Then the real waiting began. The first couple of months weren't too bad, because I was busy shopping, finishing Mandy's room, and getting organized. But after that the wait was torture! I wanted so badly to hold my baby in my arms, and it was so hard not knowing how she was doing. A month before I got my travel approval, just about as I was starting to go completely crazy, I got 2 new photos! She looked so beautiful and ever so much bigger and more grown up than in the first photo. In one of the pictures she looked HUGE, and my Mom and I both started worrying that she had grown so much in the last few months that all the clothes I was bringing would be too small!
I had determined from watching the patterns of other IMH families on the e-mail list that it was most likely that I would find out on a Monday or Tuesday that I was travelling, so for that last month of waiting I would be all excited and full of hope every Monday and Tuesday morning and then when there was no news by Tuesday the rest of the week seemed awfully long and depressing. I was just beginning to despair that the call was never going to come, when at long last, on Monday morning, April 27th, at 8 a.m., exactly 4 months from the date of referral, the phone rang! I heard the voice I'd been waiting for, Sidne from North Bay, saying "Well, Laurie, this is it!" I was going to Vietnam!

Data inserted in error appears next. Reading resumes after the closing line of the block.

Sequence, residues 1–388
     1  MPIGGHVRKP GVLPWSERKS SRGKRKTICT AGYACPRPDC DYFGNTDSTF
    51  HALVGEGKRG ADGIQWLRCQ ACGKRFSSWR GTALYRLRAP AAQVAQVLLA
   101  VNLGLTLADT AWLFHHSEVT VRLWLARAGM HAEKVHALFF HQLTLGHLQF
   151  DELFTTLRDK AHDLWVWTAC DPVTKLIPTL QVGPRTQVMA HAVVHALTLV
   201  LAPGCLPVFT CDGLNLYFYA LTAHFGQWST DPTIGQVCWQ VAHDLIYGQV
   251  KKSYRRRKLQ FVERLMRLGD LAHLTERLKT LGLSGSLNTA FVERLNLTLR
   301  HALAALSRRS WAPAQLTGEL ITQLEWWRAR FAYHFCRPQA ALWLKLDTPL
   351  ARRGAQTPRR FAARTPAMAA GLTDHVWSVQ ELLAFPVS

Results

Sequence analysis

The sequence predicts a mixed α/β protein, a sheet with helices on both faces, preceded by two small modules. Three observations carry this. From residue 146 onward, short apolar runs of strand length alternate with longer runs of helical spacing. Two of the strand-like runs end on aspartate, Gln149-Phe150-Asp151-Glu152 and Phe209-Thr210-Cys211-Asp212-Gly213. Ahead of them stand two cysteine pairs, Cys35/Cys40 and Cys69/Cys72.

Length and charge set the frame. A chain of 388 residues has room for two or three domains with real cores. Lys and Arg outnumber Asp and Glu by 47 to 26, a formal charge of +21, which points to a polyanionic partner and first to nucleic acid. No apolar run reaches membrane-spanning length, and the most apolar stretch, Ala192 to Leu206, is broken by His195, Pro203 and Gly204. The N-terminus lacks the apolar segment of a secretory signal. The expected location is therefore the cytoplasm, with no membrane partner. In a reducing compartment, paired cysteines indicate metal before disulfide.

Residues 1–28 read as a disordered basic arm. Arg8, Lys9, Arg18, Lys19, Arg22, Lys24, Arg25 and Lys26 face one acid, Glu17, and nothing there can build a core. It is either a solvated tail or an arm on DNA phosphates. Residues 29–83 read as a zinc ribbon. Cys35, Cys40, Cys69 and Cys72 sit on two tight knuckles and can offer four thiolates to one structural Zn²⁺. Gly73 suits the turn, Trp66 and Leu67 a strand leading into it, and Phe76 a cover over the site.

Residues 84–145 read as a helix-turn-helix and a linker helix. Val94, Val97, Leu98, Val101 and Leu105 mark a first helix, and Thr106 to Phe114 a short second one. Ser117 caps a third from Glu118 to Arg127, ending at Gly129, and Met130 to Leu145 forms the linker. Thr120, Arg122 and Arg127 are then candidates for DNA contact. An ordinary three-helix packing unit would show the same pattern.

We arrived in Hanoi on Monday, May 11th - the day after Mothers Day, sleep deprived, but wide awake and filled with excitement! One of Mom's suitcases was lost in route from Bangkok to Hanoi, but was found the next day. We were met by a van from IMH and a delightful young woman, Tam, from the Claudia hotel who would become our translator, tour guide, and completely indispensable person for the rest of our stay. We arrived at the hotel at about noon, and were told that the babies would arrive at 6 o'clock. Only 6 more hours until I would meet my baby!
Meeting Mandy in Vietnam
The babies were here! I couldn't believe it - in just a few moments I would meet my daughter! The lobby of the Claudia hotel was in a state of total chaos with crying parents, babies, hotel employees, IMH facilitator, and orphanage caregivers everywhere. There was one woman who was holding a child who looked larger than the others but still looked more like an infant than an almost 2 year old - could this possibly be Mandy??? I made my way towards her and inquired "Huong?" "Huong", the woman nodded and pointed. This was my baby!!! She looked quite different from her photos - her hair was much shorter - the long bangs in the photo had been cut unevenly all the way to the top of her forehead, she had a couple of sores on the back of her head, and she was ever so much tinier than I had been expecting! But she was so beautiful!
She looked terrified, and I was afraid to overwhelm her too much by holding her right away so I took her tiny hand in mine and talked to her for a few minutes first, then the woman passed her to me. She never cried, just clung to me like a little koala bear. She felt like she weighed nothing! I just couldn't get over how teeny tiny she was. I couldn't see her face, but Mom said she looked absolutely stricken and in shock. I was crying a little, but not as much as I had thought I would, and I remember thinking how it all seemed completely unreal. I tried to ask the caregiver a few questions, but the translator was only available for a few minutes and I wasn't thinking too clearly so I really didn't find out anything except that they said she talked and could say a few words in Vietnamese.